i could not catch up to life, so she kindly waited for me

I came upon Life as I crossed the street in calm serenity

I was reposed, and she composed, in hushed tranquility.


She crossed the way in graceful stay without a pause of breath

And I, all the more curious, trailed after like lingering death.


As if she knew that I would come, she turned and looked to me,

With a beauty in her eyes to denote her excellent company.


“What is it?” She asked as I kept up in quicker stride,

“What have you come to ask of Death’s only bride?”


“Nothing great,” said I, acquiescing to humble civility,

“But only curious as to how you retain such bold humility.


Everyone admires you, and respect for you runs abound

But that is soon forgotten when your husband comes around.


And rather than respect you, you are reviled for your only gift;

How do you do it? How do you continue without some internal rift?”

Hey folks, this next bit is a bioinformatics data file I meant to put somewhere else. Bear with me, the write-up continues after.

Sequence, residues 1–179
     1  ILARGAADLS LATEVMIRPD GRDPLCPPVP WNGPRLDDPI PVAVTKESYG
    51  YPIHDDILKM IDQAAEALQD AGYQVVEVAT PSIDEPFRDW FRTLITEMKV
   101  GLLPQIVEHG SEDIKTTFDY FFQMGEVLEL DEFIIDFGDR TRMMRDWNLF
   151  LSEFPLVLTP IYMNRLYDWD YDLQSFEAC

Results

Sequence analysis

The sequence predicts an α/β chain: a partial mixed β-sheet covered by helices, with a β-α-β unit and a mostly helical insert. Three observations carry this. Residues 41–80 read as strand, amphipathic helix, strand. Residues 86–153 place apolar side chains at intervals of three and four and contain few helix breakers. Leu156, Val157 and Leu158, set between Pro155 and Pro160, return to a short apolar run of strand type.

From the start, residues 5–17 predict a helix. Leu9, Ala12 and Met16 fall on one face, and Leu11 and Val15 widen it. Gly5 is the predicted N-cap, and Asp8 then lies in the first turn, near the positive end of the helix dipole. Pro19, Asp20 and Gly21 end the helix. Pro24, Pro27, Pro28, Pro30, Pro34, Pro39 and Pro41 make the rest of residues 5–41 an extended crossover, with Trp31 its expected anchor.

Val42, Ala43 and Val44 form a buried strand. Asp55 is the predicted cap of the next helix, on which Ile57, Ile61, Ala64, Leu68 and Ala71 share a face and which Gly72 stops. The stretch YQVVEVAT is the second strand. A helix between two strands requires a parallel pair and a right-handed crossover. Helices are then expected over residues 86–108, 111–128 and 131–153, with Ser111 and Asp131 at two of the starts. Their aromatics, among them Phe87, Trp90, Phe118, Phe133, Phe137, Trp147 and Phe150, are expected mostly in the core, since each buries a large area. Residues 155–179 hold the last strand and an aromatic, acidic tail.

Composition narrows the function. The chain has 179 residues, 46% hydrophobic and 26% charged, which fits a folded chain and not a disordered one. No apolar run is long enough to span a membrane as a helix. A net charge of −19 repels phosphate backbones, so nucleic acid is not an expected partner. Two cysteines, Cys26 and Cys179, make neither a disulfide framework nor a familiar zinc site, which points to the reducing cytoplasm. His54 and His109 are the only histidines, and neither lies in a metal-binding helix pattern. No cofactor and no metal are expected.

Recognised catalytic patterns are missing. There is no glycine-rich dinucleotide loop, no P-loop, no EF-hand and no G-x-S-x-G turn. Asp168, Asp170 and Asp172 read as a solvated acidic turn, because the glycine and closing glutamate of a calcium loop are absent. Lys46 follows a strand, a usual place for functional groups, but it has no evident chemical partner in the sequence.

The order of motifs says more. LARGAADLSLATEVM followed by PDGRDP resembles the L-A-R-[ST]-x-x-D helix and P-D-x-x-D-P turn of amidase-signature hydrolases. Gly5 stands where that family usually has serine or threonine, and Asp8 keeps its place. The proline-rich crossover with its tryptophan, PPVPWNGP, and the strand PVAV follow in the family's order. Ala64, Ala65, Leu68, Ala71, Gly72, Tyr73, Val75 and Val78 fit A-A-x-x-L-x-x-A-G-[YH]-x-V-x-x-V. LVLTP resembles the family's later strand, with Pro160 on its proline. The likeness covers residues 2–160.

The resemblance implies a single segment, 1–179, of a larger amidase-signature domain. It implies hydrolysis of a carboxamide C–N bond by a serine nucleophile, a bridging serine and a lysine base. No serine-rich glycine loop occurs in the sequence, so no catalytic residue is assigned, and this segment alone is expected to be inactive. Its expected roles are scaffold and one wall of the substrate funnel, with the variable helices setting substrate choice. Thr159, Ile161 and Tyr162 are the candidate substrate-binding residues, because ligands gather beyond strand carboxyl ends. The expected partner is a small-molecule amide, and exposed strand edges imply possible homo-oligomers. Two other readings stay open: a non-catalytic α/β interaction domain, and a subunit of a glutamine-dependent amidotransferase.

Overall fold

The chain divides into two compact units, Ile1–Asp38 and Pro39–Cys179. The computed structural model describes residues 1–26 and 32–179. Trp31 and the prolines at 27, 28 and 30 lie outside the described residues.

I watched her there as she considered the power of my word

And looked upon my yearning face to let me know I had been heard.


She thought a moment more to consider and reminisce

And returned her gaze back to me with bittersweet resilience.


Said she, “I cannot help the nature of my spouse;

But without him this world would be a hulking, bulging house.


There is a time for everyone to love and laugh and live,

But even I cannot control how much that I may give.


The world here has great beauty that some may never see

And I know great conjectures to contest their philosophy


But I apologize for the time I cannot compensate,

But know it’s yours and that there are many worse a fate.”


She bowed her brow to me and then continued along the way,

Leaving me alone as I watched the clouds track the day.


I returned home and then considered the weight of what I’d learned

And continued to slowly understand the meaning that I’d once yearned.


It has been years since I’ve encountered that brush with deliverance,

But I’ve found the strength I needed; and it has made the difference.

This poem is about: 
Our world



Loved this response to/immitation of Emily Dickinson's poem.

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